#### § Lemma: Characterization of biconnected components

Two edges belong to the same biconnected component iff there is a cycle containing both of them. [This lemma is silent about biconnected components of single edges]
We show that a cycle is always contained in a single binconnected component. If a cycle contains edges from more than one biconnected component, then we can "fuse" the biconnected components together into a single, larger, biconnected component.

#### § Tactic 3 - 'Intuitively'

We look at pictures and try to figure out how to do this.

#### § DFS for articulation vertices - undirected:

• The connectivity of a graph is the smallest number of vertices that need tobe deleted to disconnect the graph.
• If the graph has an articulation vertex, the connectivity is 1. More robustgraphs that don't have a single point of failure/articulation vertex aresaid to be binconnected.
• To test for an articulation vertex by brute force, delete each vertex,and check if the graph has disconnected into components. this is $O(V(V+E))$ time.
Joke: an articulate vertex is one that speaks very well, and is thus important to the functioning of the graph. If it is killed, it will disconnect society, as there is no one to fulfil its ability to cross barriers with its eloquent speech.

#### § Articulation vertices on the DFS tree - undirected

• If we think of only the DFS tree for a moment of an undirected graph and ignore all other edges, thenall interneal non-leaf vertices become articulation vertices, because theydisconnect the graph into two parts: the part below them (for concreteness,think of a child leaf), and the root component.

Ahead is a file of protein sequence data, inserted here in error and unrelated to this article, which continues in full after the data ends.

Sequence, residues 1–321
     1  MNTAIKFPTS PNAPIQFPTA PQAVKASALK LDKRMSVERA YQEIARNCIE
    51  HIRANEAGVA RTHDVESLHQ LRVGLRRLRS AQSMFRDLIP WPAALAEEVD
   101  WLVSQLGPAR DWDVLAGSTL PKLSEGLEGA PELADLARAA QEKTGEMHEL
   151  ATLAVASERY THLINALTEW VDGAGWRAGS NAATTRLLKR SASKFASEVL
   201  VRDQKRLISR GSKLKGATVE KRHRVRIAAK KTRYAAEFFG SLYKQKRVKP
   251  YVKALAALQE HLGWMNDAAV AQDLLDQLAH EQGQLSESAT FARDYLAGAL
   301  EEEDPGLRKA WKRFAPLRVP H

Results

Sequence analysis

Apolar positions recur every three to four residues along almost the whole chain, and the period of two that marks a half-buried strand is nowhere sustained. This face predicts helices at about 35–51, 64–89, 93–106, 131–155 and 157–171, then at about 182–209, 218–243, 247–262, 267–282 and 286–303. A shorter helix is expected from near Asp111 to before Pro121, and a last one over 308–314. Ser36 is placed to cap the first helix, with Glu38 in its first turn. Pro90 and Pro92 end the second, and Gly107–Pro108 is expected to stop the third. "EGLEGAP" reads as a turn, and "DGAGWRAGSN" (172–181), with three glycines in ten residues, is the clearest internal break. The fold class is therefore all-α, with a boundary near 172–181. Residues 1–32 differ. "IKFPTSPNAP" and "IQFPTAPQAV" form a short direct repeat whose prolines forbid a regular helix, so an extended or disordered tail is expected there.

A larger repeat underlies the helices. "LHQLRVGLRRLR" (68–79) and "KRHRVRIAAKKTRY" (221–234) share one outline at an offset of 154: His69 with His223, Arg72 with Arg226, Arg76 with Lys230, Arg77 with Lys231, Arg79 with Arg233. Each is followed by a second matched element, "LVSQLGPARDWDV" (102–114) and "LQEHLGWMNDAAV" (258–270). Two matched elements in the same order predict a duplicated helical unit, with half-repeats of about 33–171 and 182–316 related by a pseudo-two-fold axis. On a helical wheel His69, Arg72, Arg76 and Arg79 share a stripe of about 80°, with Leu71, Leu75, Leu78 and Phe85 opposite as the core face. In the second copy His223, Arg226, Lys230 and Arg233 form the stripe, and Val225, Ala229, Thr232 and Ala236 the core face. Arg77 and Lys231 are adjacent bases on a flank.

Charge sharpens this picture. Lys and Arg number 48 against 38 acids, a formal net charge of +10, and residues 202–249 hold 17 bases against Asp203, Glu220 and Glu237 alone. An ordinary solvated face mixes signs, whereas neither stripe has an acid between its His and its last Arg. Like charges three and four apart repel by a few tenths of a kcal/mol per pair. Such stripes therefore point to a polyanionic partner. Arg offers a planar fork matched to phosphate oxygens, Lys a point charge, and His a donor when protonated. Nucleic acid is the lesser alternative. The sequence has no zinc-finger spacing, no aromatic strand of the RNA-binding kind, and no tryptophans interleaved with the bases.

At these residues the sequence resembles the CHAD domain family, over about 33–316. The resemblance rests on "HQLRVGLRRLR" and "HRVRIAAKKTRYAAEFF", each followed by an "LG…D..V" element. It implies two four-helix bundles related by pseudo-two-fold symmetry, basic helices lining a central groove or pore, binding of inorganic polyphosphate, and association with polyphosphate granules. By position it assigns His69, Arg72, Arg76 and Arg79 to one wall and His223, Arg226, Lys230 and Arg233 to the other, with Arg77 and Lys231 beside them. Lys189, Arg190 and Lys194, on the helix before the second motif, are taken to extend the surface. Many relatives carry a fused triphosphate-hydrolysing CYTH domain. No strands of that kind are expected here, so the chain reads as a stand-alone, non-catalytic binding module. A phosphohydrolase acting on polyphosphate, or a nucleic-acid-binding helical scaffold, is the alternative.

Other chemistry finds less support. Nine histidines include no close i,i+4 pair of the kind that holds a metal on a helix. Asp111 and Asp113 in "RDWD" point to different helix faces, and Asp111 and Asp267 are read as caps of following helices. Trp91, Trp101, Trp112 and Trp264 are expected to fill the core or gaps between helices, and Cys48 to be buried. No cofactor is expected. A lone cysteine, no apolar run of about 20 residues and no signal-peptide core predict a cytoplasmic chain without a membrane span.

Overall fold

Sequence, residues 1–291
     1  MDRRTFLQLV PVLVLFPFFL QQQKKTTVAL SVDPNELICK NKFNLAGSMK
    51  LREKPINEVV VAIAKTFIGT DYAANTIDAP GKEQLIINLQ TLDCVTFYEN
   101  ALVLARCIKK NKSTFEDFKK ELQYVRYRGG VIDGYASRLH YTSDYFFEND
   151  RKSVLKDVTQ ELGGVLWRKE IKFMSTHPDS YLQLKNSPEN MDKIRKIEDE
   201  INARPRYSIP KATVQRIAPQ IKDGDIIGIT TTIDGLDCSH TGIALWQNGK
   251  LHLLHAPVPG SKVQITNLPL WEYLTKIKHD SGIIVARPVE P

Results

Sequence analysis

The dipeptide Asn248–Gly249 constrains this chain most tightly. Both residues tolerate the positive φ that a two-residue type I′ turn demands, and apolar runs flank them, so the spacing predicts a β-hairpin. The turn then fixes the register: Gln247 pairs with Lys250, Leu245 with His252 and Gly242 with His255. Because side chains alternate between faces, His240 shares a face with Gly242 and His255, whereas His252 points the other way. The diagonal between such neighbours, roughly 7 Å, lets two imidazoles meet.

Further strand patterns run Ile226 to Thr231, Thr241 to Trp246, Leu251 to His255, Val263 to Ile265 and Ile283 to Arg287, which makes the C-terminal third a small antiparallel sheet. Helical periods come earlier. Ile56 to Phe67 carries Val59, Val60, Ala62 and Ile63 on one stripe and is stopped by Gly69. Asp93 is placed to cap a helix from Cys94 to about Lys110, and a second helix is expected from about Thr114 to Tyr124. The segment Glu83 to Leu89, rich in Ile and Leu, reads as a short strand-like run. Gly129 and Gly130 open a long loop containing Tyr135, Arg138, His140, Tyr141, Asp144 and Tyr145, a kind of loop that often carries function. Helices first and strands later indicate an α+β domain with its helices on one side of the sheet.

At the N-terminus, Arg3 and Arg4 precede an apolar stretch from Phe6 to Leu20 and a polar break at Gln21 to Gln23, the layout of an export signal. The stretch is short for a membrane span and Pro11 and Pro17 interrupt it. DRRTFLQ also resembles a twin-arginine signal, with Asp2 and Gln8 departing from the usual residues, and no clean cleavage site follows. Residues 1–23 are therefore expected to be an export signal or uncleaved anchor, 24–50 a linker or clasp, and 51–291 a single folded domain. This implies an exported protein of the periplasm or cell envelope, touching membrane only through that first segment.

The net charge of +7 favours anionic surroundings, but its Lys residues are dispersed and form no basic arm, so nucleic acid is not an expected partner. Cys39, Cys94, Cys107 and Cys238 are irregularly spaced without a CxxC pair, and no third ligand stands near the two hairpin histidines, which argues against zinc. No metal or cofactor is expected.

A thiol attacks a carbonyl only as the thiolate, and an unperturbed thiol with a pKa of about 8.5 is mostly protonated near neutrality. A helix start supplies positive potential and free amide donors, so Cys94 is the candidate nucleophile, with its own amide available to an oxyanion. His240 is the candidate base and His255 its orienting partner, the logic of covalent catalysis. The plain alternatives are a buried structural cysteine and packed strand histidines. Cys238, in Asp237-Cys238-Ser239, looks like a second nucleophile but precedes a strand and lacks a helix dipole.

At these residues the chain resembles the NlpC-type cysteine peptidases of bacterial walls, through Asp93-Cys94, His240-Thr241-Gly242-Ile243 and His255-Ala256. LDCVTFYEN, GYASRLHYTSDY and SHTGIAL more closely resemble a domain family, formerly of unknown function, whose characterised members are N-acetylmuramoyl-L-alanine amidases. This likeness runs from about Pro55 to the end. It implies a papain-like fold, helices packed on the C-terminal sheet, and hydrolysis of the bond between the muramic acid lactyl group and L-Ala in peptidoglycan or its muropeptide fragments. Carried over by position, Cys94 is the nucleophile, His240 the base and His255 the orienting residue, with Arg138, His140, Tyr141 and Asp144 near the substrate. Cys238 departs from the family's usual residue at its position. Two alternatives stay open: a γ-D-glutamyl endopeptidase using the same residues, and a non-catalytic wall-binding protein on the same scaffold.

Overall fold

• Blowing up a leaf has no effect, since it does not connect two components, a leaf only connects itself to the main tree.
• The root of the tree is special; If it has only one child, then it acts likea leaf, since the root connects itself to the only component. On the otherhand, if there are multiple components, then the root acts like an internalnode, holding these different components together, making the root anarticulation vertex.

#### § Articulation vertices on the DFS graph - undireced

• DFS of a general undirected graph also contains back edges. These act assecurity cables that link a vertex back to its ancestor. The securitycable from x to y ensures that none of the nodes on the path [x..y]can be articulation vertices.
• So, to find articulation vertices, we need to see how far back the security cables go.
int anc[V]; int dfs_outdeg[V];
void processs_vertex_early(int v) { anc[v] = v; }
void process_edge(int x, int y) {
if (dfsedge[x][y].type == TREE) { dfs_outdeg[x]++; }
// y <-*
//     |
//     BACK
//     |
// x --*
if (dfsedge[x][y].type == BACK && (parent[y] != x)) {
if(entry_time[y] < entry_time[anc[x]]) {
anc[x] = y;
}
}
}

In a DFS tree, a vertex v (other than the root) is an articulation vertex iff v is not a leaf and some subtree of v has no back edge incident until a proper ancestor of v.

#### § References

• Udi Manber: Introduction to algorithms: A creative approach.
• Steven Skeina: The algorithm design manual.